Taking risks is a valid part of the business banks do, but Claire Hill and Richard Painter, both prominent experts on banking law and behavior, point out that its not really clear where the line is between appropriate and irresponsible. Starting with an expertly curated collection of the most poignant examples of bankers gone wild, Restoring Responsibility in Banking presents an accessible history of banking in the past few decades and shows exactly how banks became such risk-takers—and how they started creating and investing in dangerously complex securities. Hill and Painter then delve into banker behavior, going beyond just a simple pursuit of money, and look into the culture, need for status, and other factors that contribute to how success is defined in banking. They show how the most effective solution is for banks to give individual employees more personal liability for the risks taken by the bank as a whole, and they step back and say that, actually, greed is not good, and theres no reason the entire culture of an industry should ride on it.  Restoring Responsibility in Banking is a refreshing yet authoritative call for banks to return to the idea that theirs is a noble profession that serves society as well as themselves.

Synopsis:

Taking financial risks is an essential part of what banks do, but there’s no clear sense of what constitutes responsible risk. Taking legal risks seems to have become part of what banks do as well. Since the financial crisis, Congress has passed copious amounts of legislation aimed at curbing banks’ risky behavior. Lawsuits against large banks have cost them billions. Yet bad behavior continues to plague the industry. Why isn’t there more change?

           

In Better Bankers, Better Banks, Claire A. Hill and Richard W. Painter look back at the history of banking and show how the current culture of bad behavior—dramatized by the corrupt, cocaine-snorting bankers of The Wolf of Wall Street—came to be. In the early 1980s, banks went from partnerships whose partners had personal liability to corporations whose managers had no such liability and could take risks with other people’s money. A major reason bankers remain resistant to change, Hill and Painter argue, is that while banks have been faced with large fines, penalties, and legal fees—which have exceeded one hundred billion dollars since the onset of the crisis—the banks (which really means the banks’shareholders) have paid them, not the bankers themselves. The problem also extends well beyond the pursuit of profit to the issue of how success is defined within the banking industry, where highly paid bankers clamor for status and clients may regard as inevitable bankers who prioritize their own self-interest. While many solutions have been proposed, Hill and Painter show that a successful transformation of banker behavior must begin with the bankers themselves. Bankers must be personally liable from their own assets for some portion of the bank’s losses from excessive risk-taking and illegal behavior. This would instill a culture that discourages such behavior and in turn influence the sorts of behavior society celebrates or condemns.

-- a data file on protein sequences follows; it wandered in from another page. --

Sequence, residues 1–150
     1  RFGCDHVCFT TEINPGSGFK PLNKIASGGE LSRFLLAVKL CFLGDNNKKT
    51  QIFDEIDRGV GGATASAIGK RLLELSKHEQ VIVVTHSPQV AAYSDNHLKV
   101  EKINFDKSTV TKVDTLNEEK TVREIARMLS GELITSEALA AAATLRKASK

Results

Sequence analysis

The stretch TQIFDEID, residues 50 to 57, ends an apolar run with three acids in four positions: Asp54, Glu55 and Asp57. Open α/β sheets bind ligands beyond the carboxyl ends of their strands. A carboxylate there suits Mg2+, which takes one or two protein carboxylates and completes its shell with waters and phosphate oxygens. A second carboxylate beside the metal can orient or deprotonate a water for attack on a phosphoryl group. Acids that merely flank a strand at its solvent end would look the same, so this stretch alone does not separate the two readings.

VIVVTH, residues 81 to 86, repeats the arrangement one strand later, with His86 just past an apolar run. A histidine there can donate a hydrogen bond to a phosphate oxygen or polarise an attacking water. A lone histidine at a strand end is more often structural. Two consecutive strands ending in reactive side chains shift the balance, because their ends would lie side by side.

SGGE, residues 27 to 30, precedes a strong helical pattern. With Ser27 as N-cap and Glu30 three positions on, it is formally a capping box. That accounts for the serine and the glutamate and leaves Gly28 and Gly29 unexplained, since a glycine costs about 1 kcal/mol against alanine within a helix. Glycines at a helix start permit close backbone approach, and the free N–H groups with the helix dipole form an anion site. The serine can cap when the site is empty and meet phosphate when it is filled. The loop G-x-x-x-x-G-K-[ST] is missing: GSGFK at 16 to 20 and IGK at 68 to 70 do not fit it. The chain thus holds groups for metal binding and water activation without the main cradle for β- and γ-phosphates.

Despite many sensible proposals seeking to reign in excessive risk-taking, the continuing trajectory of scandals suggests that we’re far from ready to avert the next crisis. Better Bankers, Better Banks is a refreshing call for bankers to return to the idea that theirs is a noble profession.

Synopsis:

Prudent, verifiable, and timely corporate accounting is a bedrock of our modern capitalist system. In recent years, however, the rules that govern corporate accounting have been subtly changed in ways that compromise these core principles, to the detriment of the economy at large. These changes have been driven by the private agendas of certain corporate special interests, aided selectivelyandmdash;and sometimes unwittinglyandmdash;by arguments from business academia

and#160;and#160;and#160;and#160;and#160;and#160;and#160;and#160;and#160;and#160;and#160;